Grading and Conduct Policies (Video)

  • SumoMe


In this video, we’ll be discussing grading and conduct policies. We’re going to help you in developing your grading and conduct policies for your classroom. What is your grading system going to be based on? Are you going to randomly give students a grade? Or are you going to use some type of point system? How much weight will class participation be in your system, based in comparison to how much weight will performances be? Or special rehearsals? What about the weight of test grades? Do you have a specific discipline system? Are there specific boundaries you will have set or will set for your kids?

How does the student earn their conduct grade? This is usually based on an infraction systems only, meaning that all students usually start out with the highest grade, and then it goes down when the student accumulates infractions. Please visit the article on this website concerning classroom atmosphere and classroom management, and we’ll get more in depth information for you on there.

Are you going to be a stickler for the boundaries you set, or are you going to just wait until you’re frustrated and maybe have written some detentions or referrals before you give a certain conduct grade? How are you going to communicate with parents when a student is not cooperating with you in the classroom? See that article there, read the article and you will get some more ideas. I want to divert from my non-biased presentation and give you a suggestion of going to It’s by Doug Sorensen and he has a great system that can be adapted to any classroom, and it has all the foundations and fabulous system that has been working for me for many years.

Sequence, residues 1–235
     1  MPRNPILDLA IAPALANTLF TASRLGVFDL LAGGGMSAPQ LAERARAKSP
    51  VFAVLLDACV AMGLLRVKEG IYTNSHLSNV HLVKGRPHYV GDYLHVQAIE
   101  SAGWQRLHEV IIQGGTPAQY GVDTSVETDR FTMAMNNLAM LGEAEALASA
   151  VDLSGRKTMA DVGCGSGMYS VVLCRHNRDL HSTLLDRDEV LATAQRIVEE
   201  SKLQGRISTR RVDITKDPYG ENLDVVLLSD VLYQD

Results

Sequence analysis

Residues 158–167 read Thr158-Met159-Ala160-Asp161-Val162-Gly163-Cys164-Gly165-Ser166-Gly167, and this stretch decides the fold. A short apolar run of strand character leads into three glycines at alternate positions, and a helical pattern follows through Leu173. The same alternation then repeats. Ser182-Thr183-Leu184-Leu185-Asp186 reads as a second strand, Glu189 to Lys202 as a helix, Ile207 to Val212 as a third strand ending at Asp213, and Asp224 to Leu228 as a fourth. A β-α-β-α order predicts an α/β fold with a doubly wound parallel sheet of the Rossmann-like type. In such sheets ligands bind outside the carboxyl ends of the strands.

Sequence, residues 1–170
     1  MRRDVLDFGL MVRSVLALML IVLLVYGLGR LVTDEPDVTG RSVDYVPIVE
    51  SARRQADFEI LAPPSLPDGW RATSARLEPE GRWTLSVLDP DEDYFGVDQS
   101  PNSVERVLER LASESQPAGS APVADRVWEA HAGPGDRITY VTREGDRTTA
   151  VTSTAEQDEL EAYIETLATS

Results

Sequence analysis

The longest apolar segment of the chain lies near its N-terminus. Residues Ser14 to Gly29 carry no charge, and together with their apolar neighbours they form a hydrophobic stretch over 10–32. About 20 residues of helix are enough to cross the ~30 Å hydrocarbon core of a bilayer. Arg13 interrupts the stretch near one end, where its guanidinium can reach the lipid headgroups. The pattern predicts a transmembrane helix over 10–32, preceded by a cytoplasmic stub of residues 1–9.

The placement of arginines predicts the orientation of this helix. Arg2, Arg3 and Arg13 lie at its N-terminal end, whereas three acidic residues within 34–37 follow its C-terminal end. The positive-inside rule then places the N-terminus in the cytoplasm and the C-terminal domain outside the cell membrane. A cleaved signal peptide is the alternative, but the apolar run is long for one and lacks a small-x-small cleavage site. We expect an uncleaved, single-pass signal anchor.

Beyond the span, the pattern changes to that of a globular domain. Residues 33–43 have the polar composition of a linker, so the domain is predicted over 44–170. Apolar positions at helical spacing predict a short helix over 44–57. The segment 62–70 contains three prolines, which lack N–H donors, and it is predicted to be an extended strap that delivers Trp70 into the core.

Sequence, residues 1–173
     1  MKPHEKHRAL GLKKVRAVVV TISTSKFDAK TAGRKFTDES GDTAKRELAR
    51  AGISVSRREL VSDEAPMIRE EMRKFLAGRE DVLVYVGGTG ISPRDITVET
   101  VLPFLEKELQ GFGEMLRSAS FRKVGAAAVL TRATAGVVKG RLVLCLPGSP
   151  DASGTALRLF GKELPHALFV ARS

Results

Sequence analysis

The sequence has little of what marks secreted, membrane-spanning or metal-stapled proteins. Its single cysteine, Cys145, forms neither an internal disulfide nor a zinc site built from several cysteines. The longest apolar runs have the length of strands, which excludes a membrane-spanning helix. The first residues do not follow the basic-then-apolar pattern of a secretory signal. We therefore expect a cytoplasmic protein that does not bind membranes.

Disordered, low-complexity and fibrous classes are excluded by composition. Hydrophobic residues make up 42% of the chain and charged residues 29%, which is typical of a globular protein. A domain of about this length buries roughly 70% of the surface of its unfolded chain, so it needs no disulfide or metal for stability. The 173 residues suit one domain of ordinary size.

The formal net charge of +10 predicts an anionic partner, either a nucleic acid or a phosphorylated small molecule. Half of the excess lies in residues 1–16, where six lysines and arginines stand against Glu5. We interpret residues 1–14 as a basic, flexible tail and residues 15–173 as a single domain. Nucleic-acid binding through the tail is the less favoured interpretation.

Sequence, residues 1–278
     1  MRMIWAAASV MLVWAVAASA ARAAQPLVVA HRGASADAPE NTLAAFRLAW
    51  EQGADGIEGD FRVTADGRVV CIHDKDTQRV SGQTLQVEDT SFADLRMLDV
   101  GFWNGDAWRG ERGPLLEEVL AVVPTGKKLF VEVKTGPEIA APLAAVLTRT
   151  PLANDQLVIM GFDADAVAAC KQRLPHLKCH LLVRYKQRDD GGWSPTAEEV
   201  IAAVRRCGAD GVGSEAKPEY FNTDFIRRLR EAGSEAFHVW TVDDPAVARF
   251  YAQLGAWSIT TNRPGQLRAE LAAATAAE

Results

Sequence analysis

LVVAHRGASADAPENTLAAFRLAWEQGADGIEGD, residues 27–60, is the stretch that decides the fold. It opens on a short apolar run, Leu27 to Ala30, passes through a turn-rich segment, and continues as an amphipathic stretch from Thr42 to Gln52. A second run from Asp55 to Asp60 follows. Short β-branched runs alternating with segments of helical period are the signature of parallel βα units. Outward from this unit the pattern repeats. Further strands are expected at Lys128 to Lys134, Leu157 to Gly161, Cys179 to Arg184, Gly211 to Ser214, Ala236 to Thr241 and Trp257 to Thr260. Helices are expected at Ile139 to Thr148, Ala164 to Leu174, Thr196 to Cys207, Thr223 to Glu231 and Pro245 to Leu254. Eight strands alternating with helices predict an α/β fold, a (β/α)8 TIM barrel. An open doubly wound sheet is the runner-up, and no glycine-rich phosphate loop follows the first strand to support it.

What are the things that would cause you to write a detention for a student? What would you have the student do during the detention? Are you even allowed to give detentions in your school, because in many schools students are bused in and they can’t come in any earlier or stay later due to a detention? So you’ve got to consider the school rules. What about a referral? What would it take for you to write a referral to the dean’s office? Do you think that you’re program will grow if you are one of those teachers who are constantly assigning these forms of discipline, detentions and referrals? Or are there alternative ways for you to maintain good classroom discipline, and not have to use those types of forms?